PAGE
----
- Diagnosis—An estimated 87% were diagnosed. That means that 13% of people with HIV (nearly 1 in 7) did not know they had HIV and were therefore not accessing the care and treatment they need to stay healthy and prevent transmitting the virus to their partners.
- Receipt of Care—Approximately 66% had received HIV medical care. CDC measures receipt of care as the percentage of persons with diagnosed HIV who had at least one CD4 or viral load test run by a health care professional in a given year. Once in medical care, people can start HIV medicine to help them stay healthy and protect their partners. Initiating ART is recommended for all people with diagnosed HIV.
- Retention in Care—Approximately 50% were retained in care. CDC measures retention in care as the percentage of persons with diagnosed HIV who had two or more CD4 or viral load tests, performed at least three months apart. People with HIV who have ongoing, regularly scheduled medical care have been shown to have better health outcomes and increased safer sexual behaviors.
- Viral Suppression—An estimated 57% had achieved viral suppression. CDC measures viral suppression as a viral load test result of <200 copies/mL at the most recent viral load test during measurement year.
- Linkage to care—According to CDC, of those who received an HIV diagnosis in 2019, 81% were linked to care within one month. This figure is calculated differently from other steps in the continuum, so it cannot be directly compared. CDC defines linkage as having one or more documented CD4 or viral load tests within 30 days (1 month) of HIV diagnosis. The denominator is limited to the number of people receiving an HIV diagnosis in a given year, rather than the total number of people with HIV that is used in the calculations for the other continuum steps. Rapid linkage to care is important because it can shorten the time to viral suppression, which helps people stay healthy and prevents sexual transmission of the virus.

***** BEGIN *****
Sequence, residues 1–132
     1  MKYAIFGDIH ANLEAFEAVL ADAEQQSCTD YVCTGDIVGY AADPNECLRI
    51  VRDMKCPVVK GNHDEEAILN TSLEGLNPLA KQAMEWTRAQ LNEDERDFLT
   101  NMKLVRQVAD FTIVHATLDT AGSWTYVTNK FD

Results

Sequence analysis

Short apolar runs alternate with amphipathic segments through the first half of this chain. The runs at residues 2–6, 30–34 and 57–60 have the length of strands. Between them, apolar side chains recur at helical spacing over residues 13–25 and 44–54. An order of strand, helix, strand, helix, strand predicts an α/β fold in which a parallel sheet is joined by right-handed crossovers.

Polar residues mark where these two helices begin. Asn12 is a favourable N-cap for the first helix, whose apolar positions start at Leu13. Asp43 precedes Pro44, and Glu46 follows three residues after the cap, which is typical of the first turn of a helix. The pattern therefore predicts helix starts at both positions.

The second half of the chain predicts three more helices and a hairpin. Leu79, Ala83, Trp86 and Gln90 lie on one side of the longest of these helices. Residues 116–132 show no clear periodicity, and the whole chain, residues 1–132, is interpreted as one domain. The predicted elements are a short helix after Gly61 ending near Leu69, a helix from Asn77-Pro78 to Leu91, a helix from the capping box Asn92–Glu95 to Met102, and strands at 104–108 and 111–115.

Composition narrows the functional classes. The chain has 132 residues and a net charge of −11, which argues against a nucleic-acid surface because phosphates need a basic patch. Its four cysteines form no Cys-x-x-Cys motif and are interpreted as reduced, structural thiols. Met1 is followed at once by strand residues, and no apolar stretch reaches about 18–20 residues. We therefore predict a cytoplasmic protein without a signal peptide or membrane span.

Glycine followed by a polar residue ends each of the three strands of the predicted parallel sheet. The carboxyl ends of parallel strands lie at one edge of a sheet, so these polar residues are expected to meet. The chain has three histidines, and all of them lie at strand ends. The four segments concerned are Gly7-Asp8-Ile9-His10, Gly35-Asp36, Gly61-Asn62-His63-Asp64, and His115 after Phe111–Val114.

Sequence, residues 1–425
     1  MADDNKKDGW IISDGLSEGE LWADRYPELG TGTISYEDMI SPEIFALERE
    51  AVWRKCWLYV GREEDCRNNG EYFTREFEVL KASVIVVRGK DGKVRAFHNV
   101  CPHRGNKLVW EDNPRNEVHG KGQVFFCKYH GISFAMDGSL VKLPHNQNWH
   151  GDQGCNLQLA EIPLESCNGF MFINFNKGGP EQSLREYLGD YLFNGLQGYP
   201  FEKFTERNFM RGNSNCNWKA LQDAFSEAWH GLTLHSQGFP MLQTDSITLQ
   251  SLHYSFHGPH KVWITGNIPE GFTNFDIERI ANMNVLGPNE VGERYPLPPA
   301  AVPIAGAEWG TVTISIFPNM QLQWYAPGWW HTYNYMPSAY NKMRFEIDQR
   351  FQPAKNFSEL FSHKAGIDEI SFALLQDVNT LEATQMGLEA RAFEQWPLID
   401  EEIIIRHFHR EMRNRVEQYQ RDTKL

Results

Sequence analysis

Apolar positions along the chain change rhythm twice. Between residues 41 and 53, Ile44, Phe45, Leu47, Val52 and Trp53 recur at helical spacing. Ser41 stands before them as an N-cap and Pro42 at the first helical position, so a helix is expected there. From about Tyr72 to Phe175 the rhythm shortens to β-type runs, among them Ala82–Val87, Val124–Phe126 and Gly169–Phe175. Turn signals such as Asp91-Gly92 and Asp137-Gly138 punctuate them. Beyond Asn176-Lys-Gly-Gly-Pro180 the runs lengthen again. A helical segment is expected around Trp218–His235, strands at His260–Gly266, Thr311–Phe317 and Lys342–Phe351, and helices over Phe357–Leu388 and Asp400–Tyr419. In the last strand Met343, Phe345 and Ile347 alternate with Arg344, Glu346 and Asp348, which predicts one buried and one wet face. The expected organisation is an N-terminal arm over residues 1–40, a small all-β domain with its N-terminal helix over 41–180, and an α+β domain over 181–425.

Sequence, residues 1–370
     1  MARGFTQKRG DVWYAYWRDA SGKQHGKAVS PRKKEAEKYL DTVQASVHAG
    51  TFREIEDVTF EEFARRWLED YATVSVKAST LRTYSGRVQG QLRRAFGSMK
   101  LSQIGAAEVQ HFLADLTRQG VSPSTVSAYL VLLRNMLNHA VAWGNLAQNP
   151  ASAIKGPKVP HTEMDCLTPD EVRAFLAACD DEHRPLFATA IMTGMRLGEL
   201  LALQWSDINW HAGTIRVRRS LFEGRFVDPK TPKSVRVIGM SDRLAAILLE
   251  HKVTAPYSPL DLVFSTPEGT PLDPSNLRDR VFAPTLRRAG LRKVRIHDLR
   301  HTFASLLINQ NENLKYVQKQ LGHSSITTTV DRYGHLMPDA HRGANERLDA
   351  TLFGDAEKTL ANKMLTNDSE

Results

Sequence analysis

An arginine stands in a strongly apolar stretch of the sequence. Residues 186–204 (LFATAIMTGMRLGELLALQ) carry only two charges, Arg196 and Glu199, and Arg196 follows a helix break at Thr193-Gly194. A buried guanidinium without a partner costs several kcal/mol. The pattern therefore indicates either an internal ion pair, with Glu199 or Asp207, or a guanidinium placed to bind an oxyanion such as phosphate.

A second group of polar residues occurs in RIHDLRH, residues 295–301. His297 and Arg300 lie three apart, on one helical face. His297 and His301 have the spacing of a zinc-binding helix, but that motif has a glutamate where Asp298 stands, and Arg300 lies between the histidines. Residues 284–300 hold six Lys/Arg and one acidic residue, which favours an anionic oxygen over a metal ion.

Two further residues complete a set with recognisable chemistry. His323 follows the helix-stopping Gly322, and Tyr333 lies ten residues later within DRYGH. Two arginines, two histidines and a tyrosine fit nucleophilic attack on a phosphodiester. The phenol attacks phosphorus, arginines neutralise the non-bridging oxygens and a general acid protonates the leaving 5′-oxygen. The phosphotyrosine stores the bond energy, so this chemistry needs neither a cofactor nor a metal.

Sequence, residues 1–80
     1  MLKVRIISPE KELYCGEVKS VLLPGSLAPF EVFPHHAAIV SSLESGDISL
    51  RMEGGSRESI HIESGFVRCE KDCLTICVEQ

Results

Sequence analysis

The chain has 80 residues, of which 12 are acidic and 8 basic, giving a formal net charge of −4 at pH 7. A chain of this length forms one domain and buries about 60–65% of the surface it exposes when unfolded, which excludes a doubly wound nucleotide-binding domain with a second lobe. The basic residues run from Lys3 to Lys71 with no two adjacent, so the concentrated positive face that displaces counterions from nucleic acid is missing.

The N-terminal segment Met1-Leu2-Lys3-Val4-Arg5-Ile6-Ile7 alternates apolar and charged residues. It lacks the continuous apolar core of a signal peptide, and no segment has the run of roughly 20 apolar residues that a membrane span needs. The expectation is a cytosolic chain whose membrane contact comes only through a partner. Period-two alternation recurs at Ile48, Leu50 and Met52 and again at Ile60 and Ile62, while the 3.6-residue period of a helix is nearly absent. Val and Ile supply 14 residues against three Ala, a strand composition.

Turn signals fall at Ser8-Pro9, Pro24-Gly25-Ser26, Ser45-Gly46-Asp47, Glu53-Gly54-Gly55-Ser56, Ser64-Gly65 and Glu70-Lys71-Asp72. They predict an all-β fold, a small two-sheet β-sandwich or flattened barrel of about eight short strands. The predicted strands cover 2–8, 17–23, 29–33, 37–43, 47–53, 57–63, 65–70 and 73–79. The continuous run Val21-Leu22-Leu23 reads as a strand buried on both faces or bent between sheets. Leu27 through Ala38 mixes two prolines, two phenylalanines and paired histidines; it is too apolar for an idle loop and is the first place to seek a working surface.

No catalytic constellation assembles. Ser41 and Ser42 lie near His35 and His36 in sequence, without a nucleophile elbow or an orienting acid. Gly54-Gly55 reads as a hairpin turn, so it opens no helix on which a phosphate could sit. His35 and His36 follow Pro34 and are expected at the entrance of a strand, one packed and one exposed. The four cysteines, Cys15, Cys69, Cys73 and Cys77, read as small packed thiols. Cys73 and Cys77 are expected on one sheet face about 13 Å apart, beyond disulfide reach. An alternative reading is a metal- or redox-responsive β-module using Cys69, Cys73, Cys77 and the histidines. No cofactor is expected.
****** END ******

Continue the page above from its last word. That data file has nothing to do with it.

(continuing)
Diagnosis-based continuum. Different analyses present the steps or stages of the HIV care continuum in different ways. For example, CDC also offers a diagnosis-based continuum, which shows each step as a percentage of the number of people with diagnosed HIV. According to CDC data published in 2022, of the 944,247 people ages 13 and older with diagnosed HIV in the U.S. during 2020, 74% had received some HIV medical care, 51% were retained in care, and 65% were virally suppressed. In addition, among the 28,422 individuals who received an HIV diagnosis in 2020 in the 46 jurisdictions with complete reporting of laboratory data to CDC, 82% were linked to medical care within one month of diagnosis. (CDC cautions that data for 2020 should be interpreted with caution due to the impact of COVID-19 on access to HIV testing, care-related services, and case surveillance activities in states and local jurisdictions.) (Read about the diagnosis-based approach to monitoring the HIV care continuum.)
How Is the HIV Care Continuum Being Used?
Federal, state, and local health departments, community-based organizations, health care providers, and people with HIV continue to use the HIV care continuum to measure progress toward HIV goals as well as to pinpoint where gaps in services may exist in connecting individuals with HIV to sustained, quality care and treatment. Knowing where drop-offs are most pronounced and for which populations helps policymakers, public health officials, and health care providers implement system improvements to support all persons with HIV so they are able to successfully navigate the continuum and achieve and maintain viral suppression.
Take a Closer Look
To learn more about the HIV care continuum in the U.S. and how the steps are defined and measured, see these resources: